FAQs

Divorce

Is my marriage valid?
If you meet the legal requirements of being able to form an enforceable contract with someone (i.e. you are of age, you are not under the influence of drugs, etc.), you enter into a contract to marry, and you consummate the marriage, your marriage will likely be considered valid. Certain obvious exceptions exist, of course, such as when an individual tries to enter into an existing marriage while still married to another. A lawyer can give you a more complete explanation if you are concerned that your marriage may not be valid.

Is divorce easy?
The divorce process can be complicated or simple, based in large part on how you and your spouse interact. The more the two of you can agree upon, the easier (and less costly) it will be.


What is “Common Law Marriage”?
Common Law Marriage is a term which generally meant that if you lived with someone, considered yourself married and held yourself out to the world as a married couple, then you were considered married under the concept of “Common Law Marriage”. To be considered married under this theory, you did not need to have gone through a wedding ceremony. If you were indeed married under this theory, you remained married until a court granted you a divorce. In Georgia, this concept was eliminated as of January 1, 1997. However, if you were married under this theory prior to January 1, 1997, you may still be considered married under Georgia law.

Does the Court have or need to be involved at all?
Yes. The Court will have to either determine the issues, or, if all issues are agreed upon, the Court will need to approve the final result. More importantly, only the Court (not the legislature or the mayor or governor) has the authority to grant you a divorce and thereby free each party to marry again.

What grounds do I need for a divorce?
In Georgia there are 13 grounds for divorce. One ground is “irretrievably broken” (also known as the “no-fault” ground) which has become the most common (and least contentious) ground for divorce. The remaining 12 grounds for divorce are considered the “fault” grounds.

Do I need to prove “fault”?
No. You may seek and obtain a “no-fault” divorce in Georgia.

What is a legal separation or separate maintenance?
In Georgia, you are legally separated if you are no longer engaging in marital relations and you consider yourself to be in an actual state of separation. You can be separated even if you are living in the same household as your spouse. To file a case for divorce, you must be in such a state of separation. The court will not grant you a “legal separation”. Rather, you must swear that you are in an actual state of separation and then the court can grant a divorce or an Order for “Separate Maintenance”. “Separate Maintenance” is a lawsuit which may be filed in Georgia to address all issues which could be addressed in a divorce case except for the granting of a divorce. Oftentimes people file a case for Separate Maintenance instead of a Divorce for differing reasons. Some of those reasons include religious or moral opposition to divorce or a desire to remain married for a legal benefit (to maintain insurance, social security, etc.) or other various reasons which a lawyer can discuss with you in detail.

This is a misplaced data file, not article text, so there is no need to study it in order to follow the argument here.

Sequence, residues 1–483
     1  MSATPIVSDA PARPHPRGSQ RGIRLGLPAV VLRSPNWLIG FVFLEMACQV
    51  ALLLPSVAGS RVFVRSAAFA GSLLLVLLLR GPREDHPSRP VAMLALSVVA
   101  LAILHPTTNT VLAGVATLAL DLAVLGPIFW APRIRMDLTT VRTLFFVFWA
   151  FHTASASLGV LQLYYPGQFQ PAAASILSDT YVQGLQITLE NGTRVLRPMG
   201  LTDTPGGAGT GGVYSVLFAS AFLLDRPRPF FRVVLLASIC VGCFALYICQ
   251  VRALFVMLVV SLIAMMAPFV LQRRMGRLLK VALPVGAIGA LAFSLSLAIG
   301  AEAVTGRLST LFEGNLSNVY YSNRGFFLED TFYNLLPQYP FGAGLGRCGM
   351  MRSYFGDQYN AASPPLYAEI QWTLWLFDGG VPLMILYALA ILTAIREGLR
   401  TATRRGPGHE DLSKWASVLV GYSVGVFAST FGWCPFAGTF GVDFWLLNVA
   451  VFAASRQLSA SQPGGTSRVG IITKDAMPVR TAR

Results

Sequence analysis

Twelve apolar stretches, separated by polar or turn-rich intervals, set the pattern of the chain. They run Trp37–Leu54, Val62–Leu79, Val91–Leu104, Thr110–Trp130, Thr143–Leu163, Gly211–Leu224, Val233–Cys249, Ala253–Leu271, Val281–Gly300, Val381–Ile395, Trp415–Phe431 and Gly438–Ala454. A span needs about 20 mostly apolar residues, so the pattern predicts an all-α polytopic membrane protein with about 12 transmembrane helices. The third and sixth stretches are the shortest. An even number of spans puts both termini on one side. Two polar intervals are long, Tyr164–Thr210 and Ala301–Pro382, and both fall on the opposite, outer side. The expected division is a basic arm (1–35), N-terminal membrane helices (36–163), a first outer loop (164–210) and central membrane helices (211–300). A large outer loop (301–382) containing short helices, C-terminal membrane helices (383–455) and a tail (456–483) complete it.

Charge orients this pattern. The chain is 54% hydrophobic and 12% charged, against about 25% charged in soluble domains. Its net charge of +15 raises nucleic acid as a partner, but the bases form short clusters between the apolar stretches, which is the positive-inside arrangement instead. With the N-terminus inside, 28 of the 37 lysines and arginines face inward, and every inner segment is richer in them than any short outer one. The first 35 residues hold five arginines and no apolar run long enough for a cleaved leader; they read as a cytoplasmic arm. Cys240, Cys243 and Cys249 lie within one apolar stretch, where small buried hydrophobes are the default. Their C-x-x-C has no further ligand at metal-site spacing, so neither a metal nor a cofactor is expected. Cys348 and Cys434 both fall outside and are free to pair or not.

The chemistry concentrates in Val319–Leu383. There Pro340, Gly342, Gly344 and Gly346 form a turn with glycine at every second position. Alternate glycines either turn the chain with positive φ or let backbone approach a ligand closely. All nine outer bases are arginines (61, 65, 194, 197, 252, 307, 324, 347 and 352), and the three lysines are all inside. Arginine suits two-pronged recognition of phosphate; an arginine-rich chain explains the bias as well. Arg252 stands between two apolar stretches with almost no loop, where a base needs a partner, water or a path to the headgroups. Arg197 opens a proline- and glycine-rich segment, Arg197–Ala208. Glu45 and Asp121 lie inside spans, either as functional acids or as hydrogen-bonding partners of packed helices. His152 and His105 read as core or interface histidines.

What is a “no-fault” divorce?
To obtain a “no-fault” divorce (irretrievably broken), one party must simply prove that, to them, the marriage is over. This can be proven through sworn testimony of one party, even if none of the “fault” grounds exist.

What is a “fault” divorce?
To obtain a “fault” divorce which is neither required, nor necessarily advantageous, one must establish that there was some misconduct by one of the parties which actually caused the divorce. An example of such misconduct is adultery. Adultery in Georgia includes heterosexual and homosexual relations between one spouse and another individual. Other “fault” grounds include desertion; mental incapacity at the time of marriage; impotency at the time of marriage; force or fraud in obtaining the marriage; conviction and imprisonment for certain crimes; mental or physical cruel treatment; habitual intoxication or drug addiction; and mental illness.

Do I need to live in the state of Georgia to get a divorce here?
Yes, generally, at least one spouse must be living in Georgia and have lived in Georgia for at least six months.

What if we still live together when I file for divorce?
That is fine, but spouses must be considered “separated” in a legal sense. Spouses may generally be considered separated even if they live under the same roof as long as they are not having sexual relations.

How do I actually file for a divorce?
The person seeking the divorce (the “plaintiff” or “petitioner”) must file a document in the appropriate Superior Court. This document is called the “complaint” or “petition.” The complaint contains information concerning the marriage such as current living arrangements, children of the marriage, description of marital assets and debts, and the specific reason(s) for seeking divorce. A copy of the complaint will be served on the other spouse (the “defendant” or “respondent”) by a sheriff of the appropriate county, or that spouse may acknowledge service by signing a specific document in the presence of a notary public.

Where do I file for divorce?
Generally, a complaint for divorce should be filed in the Superior Court of the defendant’s county of residence or, if the defendant no longer resides in the state of Georgia, in the county of the plaintiff’s residence. With the defendant’s consent, or if defendant had previously lived with plaintiff and has been gone for less than 6 months, the complaint may be filed in the plaintiff’s county of residence.

I just received a complaint for divorce from my spouse, now what?